My students' doodles. 

From a board game my AP U.S. students and I designed. 

Annotations from class. 
One friend retired and two other very close friends left for opportunities outside my district. I'm still struggling to replace their camaraderie. Otherwise, I feel happy and alive as an educator.

When we're not traveling or working we're living a good life. Church continues to be a home for us and I've enjoyed building on friendships there. I've been able to run a lot this past year, and am running for distances I never thought I would be able to complete. Perhaps this upcoming summer I'll see if I can pull off a ten-mile run. Sam and Caroline are both reading and riding bikes now (okay, maybe the bikes not right now because it's winter). They find a way to make me laugh daily. They're trying hard in school, which we appreciate. And our home continues to be a wonderful base for us. It's hard to believe we've been here now more than a dozen years. It'd be nice if it had an extra room, but I can't beat this neighborhood and the good friends we have here.

That's it for now. Thank you for reading. Have a wonderful 2015. And I'll resume writing on this blog in June.

Saturday, August 30, 2014

The End

Well, that's over. By that, I mean the summer. By that, I mean this blog, at least for 2014.

Summer 2014 was almost precisely two months this year, a little bit shorter than normal. Storms created a school year that ended unusually late (June 25 was my last day) and Labor Day falls on September 1, which creates a new school year that ends as early as it can in my district. As of Tuesday, I'm back doing work that I love with 11th and 12th graders. Also it means Sam and Caroline return to York Avenue, and I'm optimistic it will be a good year for them. I was impressed at Caroline's willingness to attack works when she learned to read last year, and I'm eager to see how she does in the bigger setting of first grade. Sam is entering third grade, and I remember that my third grade year marked the beginning of a lot of great things for me.

Aside from brevity, adventures far away also characterized the summer of 2014. Sherry traveled to Australia for two weeks. The four of us traveled to Ontario and Michigan for another two weeks. Given that the summer was only about eight weeks long, one or more members of the household were on the go for more than half the summer. Was it too much travel? Perhaps. But I'll look back on this year as one filled with seeing some extraordinary places.

The place we visited that no photo can truly capture: Sleeping Bear Dunes. 

I'll also remember it for the trips not as far away that were just as meaningful. The kids and I got camping three different times, each of those times with friends or family. And after the big adventure in July to Hickory Run, it might be hard to convince them that it's cool to go camping with just Mom and Dad. We got a chance to visit Philadelphia, New York, and Washington again. By the way, we did that New York trip right into Manhattan with a 1:2 parent:child ratio.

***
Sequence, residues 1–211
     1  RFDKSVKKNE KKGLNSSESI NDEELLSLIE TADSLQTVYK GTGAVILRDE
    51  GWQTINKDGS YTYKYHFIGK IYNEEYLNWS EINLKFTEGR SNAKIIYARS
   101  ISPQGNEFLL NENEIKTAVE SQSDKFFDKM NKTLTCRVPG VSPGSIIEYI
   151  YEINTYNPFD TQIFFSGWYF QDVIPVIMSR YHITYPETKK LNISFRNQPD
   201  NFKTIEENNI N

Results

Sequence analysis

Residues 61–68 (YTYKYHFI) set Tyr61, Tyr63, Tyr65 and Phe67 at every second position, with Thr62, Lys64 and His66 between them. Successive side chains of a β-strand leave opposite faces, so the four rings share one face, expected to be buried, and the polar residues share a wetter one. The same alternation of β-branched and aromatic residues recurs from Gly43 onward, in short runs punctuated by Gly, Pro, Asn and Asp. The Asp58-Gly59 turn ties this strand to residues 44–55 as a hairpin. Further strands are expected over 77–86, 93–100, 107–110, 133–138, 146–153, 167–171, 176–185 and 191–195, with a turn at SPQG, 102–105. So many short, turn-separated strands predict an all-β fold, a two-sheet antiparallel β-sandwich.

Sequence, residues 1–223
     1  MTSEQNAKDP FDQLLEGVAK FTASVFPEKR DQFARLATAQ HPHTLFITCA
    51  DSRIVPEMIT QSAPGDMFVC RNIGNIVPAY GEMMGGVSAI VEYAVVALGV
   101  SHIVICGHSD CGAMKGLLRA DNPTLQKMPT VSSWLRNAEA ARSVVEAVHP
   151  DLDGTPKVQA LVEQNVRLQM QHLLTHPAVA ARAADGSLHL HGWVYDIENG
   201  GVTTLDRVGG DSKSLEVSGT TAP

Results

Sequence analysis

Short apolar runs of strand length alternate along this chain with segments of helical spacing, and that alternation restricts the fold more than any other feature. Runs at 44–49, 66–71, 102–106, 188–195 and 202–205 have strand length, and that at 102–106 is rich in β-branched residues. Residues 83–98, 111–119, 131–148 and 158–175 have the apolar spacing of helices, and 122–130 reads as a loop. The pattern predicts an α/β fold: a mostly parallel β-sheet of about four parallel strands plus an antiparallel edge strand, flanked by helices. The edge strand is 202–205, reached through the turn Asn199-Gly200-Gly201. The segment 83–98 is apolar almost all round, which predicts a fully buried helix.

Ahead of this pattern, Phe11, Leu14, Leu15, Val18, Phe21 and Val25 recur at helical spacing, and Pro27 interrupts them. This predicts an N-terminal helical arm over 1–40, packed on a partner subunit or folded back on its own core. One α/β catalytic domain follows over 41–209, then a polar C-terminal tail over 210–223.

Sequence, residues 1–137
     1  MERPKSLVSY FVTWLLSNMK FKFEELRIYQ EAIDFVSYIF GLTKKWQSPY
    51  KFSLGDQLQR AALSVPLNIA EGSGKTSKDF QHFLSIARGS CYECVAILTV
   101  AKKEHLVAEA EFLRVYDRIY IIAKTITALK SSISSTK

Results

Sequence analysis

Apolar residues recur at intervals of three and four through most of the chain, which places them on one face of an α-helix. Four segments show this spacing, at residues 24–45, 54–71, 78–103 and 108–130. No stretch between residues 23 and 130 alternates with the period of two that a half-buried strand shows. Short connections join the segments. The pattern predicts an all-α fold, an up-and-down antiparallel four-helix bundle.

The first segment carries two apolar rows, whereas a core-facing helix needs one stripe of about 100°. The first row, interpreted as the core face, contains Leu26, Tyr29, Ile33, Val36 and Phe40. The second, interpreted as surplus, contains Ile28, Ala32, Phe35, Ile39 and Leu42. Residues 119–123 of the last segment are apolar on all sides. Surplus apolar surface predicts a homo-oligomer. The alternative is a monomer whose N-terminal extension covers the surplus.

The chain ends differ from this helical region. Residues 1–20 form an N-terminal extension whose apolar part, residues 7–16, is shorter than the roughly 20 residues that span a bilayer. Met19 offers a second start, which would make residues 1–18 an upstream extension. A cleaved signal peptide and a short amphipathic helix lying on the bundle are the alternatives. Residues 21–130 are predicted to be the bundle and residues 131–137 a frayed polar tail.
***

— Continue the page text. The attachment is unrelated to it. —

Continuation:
Sam, Caroline, and I at Tenement Museum.
I can't help but chuckle when I think of the places where members of this family slept this summer.

Alexandria, VA: 3
Hickory Run State Park: 4
Promised Land State Park: 1
In our tent at Promised Land, July 2014
Over the Pacific Ocean: 2
Melbourne, Victoria: 14
Centre Hall, PA: 3
Ottawa, ON: 4
Sudbury, ON: 1
Mackinaw City: 2
Mackinac Island: 3
Traverse City: 1
Dearborn, MI; 2

I tried not to turn down any invitations or opportunities this summer, and for that I'm glad. I didn't get into school once this summer, which is good. Work intruded into this summer less than it did any other. I might reconsider how good that is on Tuesday when I have to teach again.

I wish I had seen the kids' grandparents more than I did. That is the greatest casualty of a summer filled with some pretty neat adventures. Also, the timing of our big trip was a bit awkward, and when we returned to Lansdale it seemed as if our neighborhood had returned to school year mode.

The final thing I consider as I look back on this summer is how much my daughter seems to have grown. She was the only girl in the house for much of the summer. And when we were on the go during Sherry's Australia trip, I normally had to trust her to go into women's public bathrooms by herself and she had to put up with a motor-mouth dad and a talkative big brother. Through that I see that she's grown into quite a young lady. Heck of a swimmer, too. So I'd like to conclude this blog with one of my favorite photos of the summer. It is of Caroline putting on a fashion show for a friend and I while we sat on the porch sipping beers as boys played inside with Legos.

Friday, August 29, 2014

The kids of a Social Studies teacher get dragged to museums

I guess the statement in that title is true for a lot of kids. But at least the kids of a Social Studies teacher get dragged to quality historical sites. Our odyssey (in an Odyssey no less) through Ontario and Michigan brought us to some of the more interesting historical sites I've ever visited. Here are the favorites.


This might be the most fun time I've had at a historical site in as long as I can remember. It's a four-story complex built beneath the countryside about 40 minutes west of Ottawa. The bunker was meant to be the home for the Canadian government in the event of a nuclear war, and could serve as such for 30 days until food supplies ran out. Of course it was never used. In fact, it became obsolete about 10 years after it was built: it was designed for an era of bombs, not ballistic missiles.